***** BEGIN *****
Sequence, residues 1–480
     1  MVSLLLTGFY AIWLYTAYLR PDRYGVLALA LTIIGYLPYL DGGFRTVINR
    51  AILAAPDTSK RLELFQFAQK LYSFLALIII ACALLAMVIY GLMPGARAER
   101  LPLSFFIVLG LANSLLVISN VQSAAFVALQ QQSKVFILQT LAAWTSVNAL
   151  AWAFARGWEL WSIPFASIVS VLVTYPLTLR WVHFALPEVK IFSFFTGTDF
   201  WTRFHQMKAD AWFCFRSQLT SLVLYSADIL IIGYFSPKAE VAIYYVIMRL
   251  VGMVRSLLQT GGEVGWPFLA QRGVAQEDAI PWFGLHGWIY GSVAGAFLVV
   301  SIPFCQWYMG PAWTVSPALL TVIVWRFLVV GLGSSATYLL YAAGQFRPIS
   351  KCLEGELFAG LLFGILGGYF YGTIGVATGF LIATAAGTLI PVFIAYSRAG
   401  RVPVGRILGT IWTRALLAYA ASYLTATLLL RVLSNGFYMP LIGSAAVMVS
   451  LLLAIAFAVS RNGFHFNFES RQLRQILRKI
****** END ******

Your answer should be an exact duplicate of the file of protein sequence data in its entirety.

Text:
Sequence, residues 1–480
     1  MVSLLLTGFY AIWLYTAYLR PDRYGVLALA LTIIGYLPYL DGGFRTVINR
    51  AILAAPDTSK RLELFQFAQK LYSFLALIII ACALLAMVIY GLMPGARAER
   101  LPLSFFIVLG LANSLLVISN VQSAAFVALQ QQSKVFILQT LAAWTSVNAL
   151  AWAFARGWEL WSIPFASIVS VLVTYPLTLR WVHFALPEVK IFSFFTGTDF
   201  WTRFHQMKAD AWFCFRSQLT SLVLYSADIL IIGYFSPKAE VAIYYVIMRL
   251  VGMVRSLLQT GGEVGWPFLA QRGVAQEDAI PWFGLHGWIY GSVAGAFLVV
   301  SIPFCQWYMG PAWTVSPALL TVIVWRFLVV GLGSSATYLL YAAGQFRPIS
   351  KCLEGELFAG LLFGILGGYF YGTIGVATGF LIATAAGTLI PVFIAYSRAG
   401  RVPVGRILGT IWTRALLAYA ASYLTATLLL RVLSNGFYMP LIGSAAVMVS
   451  LLLAIAFAVS RNGFHFNFES RQLRQILRKI